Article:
In 1992, the United States became involved in UNOSOM, a Chapter VII humanitarian mission in Somalia. The original goal of our participation in this mission was to ensure the safe delivery of humanitarian aid to a suffering Somali population. As a part of Operation Restore Hope, we began to focus in on the capture of General Mohamed Farrah Hassan Aidid, a wanted Somali warlord.
From surveillance tool to weapon of war, drones have quickly captured the attention of the world. Most notably used by the U.S. military in Pakistan as a part of the “War on Terror”, many have come to only see the violent side of this technology. In some circles, the word drone has become synonymous with civilian casualties. With the number of civilian deaths, it is hard to argue against this view.
Known on Twitter simply by the hashtag #SudanRevolts, the protests that erupted in Khartoum nearly a month ago now do not seem to be fading. In fact, the movement is gaining momentum, with those involved hoping to finally see real change in the country. Calling for the removal of current President Omar al-Bashir (among other demands), the movement’s goals are ambitious to say the least. Yet as daunting as it may seem, success is crucial both for the people of Sudan and their new neighbor South Sudan.
Sudan’s most recent spate of demonstrations that began on 16 June at the University of Khartoum and have since spread across the country have been a long time coming. Similar student demonstrations began in late January 2011 and were revived in January 2012. Both were met with strong crackdowns by police and the National Intelligence and Security Services (NISS).
In the midst of the referendum on independence in Sudan in early 2011, there was great concern that the situation would deteriorate into a full-blown civil war. Tensions were high, with outbreaks of violence in many of the border towns, such as Abyei. Calls were made stateside for the appointing of a high-level US diplomat for Darfur, as well as making genocide prevention a priority among the international community. After the vote on January 9, 2011, we saw the creation of the new state of South Sudan. There was great hope among many that this was the beginning of a path toward peace in the region.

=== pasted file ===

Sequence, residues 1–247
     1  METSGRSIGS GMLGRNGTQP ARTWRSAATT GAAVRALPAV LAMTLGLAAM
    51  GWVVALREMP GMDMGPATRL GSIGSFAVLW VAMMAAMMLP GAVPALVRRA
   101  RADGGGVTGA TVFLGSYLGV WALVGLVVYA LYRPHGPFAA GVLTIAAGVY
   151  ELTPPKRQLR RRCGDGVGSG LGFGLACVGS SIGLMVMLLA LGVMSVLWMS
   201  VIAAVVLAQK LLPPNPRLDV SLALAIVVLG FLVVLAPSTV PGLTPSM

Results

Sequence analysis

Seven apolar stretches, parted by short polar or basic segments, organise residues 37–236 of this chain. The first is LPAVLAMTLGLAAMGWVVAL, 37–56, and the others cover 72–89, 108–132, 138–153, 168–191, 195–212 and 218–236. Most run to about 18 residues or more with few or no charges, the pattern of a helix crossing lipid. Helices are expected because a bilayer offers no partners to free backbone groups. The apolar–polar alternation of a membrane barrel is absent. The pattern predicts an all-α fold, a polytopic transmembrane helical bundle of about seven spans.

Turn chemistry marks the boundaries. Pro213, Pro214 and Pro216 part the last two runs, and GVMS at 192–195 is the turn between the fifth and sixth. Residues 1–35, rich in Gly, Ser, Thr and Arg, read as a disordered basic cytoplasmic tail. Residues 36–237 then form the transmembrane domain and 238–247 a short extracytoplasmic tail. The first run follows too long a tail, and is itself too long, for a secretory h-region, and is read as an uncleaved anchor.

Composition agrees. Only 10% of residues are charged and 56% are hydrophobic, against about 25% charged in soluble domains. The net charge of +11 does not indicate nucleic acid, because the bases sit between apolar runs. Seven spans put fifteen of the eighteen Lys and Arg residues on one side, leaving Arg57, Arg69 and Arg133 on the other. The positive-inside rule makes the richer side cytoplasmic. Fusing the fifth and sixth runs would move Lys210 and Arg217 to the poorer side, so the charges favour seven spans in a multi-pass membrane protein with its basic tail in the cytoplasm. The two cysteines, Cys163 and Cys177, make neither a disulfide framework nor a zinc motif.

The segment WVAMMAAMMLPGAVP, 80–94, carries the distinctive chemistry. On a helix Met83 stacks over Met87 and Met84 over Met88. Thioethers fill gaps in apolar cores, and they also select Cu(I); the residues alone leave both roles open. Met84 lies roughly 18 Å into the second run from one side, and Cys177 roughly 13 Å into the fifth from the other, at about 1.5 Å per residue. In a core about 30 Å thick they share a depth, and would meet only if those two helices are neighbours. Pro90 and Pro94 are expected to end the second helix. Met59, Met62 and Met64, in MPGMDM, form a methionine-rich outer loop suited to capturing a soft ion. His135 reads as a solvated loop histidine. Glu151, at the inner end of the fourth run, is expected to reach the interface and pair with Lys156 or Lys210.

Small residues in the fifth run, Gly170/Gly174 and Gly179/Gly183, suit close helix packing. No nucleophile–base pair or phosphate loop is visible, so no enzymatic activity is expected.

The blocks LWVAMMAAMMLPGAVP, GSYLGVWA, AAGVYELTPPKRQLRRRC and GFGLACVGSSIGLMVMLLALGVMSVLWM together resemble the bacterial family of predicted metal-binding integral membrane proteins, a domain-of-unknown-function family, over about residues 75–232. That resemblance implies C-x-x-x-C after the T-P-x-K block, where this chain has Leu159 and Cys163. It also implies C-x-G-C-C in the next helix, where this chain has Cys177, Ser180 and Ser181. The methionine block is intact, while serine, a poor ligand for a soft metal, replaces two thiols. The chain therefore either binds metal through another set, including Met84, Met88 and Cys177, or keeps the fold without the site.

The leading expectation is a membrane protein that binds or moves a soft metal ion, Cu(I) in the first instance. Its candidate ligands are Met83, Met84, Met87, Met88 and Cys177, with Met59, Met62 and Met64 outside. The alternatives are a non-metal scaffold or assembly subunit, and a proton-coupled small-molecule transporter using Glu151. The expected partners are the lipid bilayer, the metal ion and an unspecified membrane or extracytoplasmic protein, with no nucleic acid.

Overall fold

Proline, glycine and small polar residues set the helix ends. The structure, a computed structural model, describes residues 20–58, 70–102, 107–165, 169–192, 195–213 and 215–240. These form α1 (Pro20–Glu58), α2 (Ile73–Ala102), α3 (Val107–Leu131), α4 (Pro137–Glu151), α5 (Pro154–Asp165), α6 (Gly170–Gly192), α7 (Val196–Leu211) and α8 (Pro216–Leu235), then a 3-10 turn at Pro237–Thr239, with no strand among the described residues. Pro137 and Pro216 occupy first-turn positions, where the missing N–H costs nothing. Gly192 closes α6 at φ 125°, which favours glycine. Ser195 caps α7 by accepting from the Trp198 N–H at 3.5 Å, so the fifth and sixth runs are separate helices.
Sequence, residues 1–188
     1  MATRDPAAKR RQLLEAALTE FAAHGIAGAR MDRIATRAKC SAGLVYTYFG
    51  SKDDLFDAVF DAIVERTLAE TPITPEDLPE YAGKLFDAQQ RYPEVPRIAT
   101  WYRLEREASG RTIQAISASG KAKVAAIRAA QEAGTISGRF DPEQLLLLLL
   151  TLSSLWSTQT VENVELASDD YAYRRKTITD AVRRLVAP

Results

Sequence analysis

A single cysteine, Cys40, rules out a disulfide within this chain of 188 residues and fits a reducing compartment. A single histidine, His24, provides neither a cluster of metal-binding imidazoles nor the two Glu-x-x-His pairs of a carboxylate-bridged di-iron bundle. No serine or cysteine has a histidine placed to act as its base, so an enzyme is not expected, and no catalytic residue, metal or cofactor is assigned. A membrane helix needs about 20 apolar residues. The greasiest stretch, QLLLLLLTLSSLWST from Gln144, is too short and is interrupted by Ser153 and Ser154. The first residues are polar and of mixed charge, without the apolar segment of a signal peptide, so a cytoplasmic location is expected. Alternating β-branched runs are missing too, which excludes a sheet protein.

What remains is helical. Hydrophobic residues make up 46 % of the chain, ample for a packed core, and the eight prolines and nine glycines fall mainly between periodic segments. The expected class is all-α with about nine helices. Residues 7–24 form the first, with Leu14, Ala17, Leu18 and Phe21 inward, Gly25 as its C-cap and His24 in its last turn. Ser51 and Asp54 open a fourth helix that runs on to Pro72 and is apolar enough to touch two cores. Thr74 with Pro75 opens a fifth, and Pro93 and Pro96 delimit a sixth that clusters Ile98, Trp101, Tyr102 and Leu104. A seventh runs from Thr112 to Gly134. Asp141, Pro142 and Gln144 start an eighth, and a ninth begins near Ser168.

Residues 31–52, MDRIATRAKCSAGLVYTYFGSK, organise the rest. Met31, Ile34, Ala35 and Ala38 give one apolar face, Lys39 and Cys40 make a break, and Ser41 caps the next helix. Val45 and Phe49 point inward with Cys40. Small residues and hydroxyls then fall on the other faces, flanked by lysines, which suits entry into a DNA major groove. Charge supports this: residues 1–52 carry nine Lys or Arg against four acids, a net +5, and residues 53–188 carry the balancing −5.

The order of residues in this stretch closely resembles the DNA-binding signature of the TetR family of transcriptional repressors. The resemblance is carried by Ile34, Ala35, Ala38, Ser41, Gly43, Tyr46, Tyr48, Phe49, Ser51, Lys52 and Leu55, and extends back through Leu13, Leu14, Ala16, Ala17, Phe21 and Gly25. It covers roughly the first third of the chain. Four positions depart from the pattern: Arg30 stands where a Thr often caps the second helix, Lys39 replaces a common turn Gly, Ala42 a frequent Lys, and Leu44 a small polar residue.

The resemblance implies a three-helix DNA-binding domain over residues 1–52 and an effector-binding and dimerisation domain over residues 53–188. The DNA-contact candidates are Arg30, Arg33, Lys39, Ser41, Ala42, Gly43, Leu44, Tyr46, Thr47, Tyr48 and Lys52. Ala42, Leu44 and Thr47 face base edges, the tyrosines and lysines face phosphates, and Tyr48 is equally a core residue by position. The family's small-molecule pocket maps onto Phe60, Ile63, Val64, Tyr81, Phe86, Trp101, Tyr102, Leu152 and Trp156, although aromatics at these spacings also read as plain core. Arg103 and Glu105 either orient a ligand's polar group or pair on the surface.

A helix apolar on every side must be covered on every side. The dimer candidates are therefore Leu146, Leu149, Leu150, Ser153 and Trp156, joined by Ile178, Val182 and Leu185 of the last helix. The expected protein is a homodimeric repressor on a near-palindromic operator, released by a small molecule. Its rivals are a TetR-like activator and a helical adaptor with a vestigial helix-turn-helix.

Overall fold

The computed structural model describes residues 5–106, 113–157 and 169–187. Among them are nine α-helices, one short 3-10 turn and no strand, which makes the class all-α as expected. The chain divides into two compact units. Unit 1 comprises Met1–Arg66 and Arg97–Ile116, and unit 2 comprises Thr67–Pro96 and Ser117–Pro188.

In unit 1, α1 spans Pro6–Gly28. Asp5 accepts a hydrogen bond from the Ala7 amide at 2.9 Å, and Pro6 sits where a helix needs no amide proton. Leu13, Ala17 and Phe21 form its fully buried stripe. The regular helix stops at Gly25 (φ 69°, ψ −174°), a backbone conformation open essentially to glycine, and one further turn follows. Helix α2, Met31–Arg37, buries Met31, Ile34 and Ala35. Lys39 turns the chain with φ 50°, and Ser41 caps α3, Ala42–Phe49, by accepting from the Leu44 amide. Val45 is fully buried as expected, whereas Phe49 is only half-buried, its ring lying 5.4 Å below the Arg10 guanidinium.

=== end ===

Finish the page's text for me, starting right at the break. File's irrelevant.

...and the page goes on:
Views of the Kony2012 campaign launched by Invisible Children (IC) have drastically fallen after its initial premiere on 5 March and the subsequent backlash. On 16 March, IC founder and star of the video Jason Russell was back in the news after having a breakdown in San Diego. The rhetorical space for advocacy around the Lord’s Resistance Army (LRA) has been eroded. The work of IC, in its own right, has largely been discredited and oversimplified.
While the Responsibility to Protect (R2P) has been gaining traction, particularly with its recent implementation in Libya, the international community is still a far cry from actualizing the doctrine's true potential. Beyond the obvious difficulty of motivating states into a coordinated action, there are additional factors that continually block the implementation of R2P in particular and civilian protection in general.
It can often feel as though our nation is broken down into a multitude of distinct groups that will never come to see eye to eye on any topic. We sense it among our families and friends as we debate the efficacy of a movement such as Occupy Wall Street, in our offices as we heatedly discuss politics, and in our media as we see our nation's political system broken down into the wrong, the right and those that own them. The vitriol in our politics and our media has led to this climate of "us" versus "them" in nearly every aspect of American society.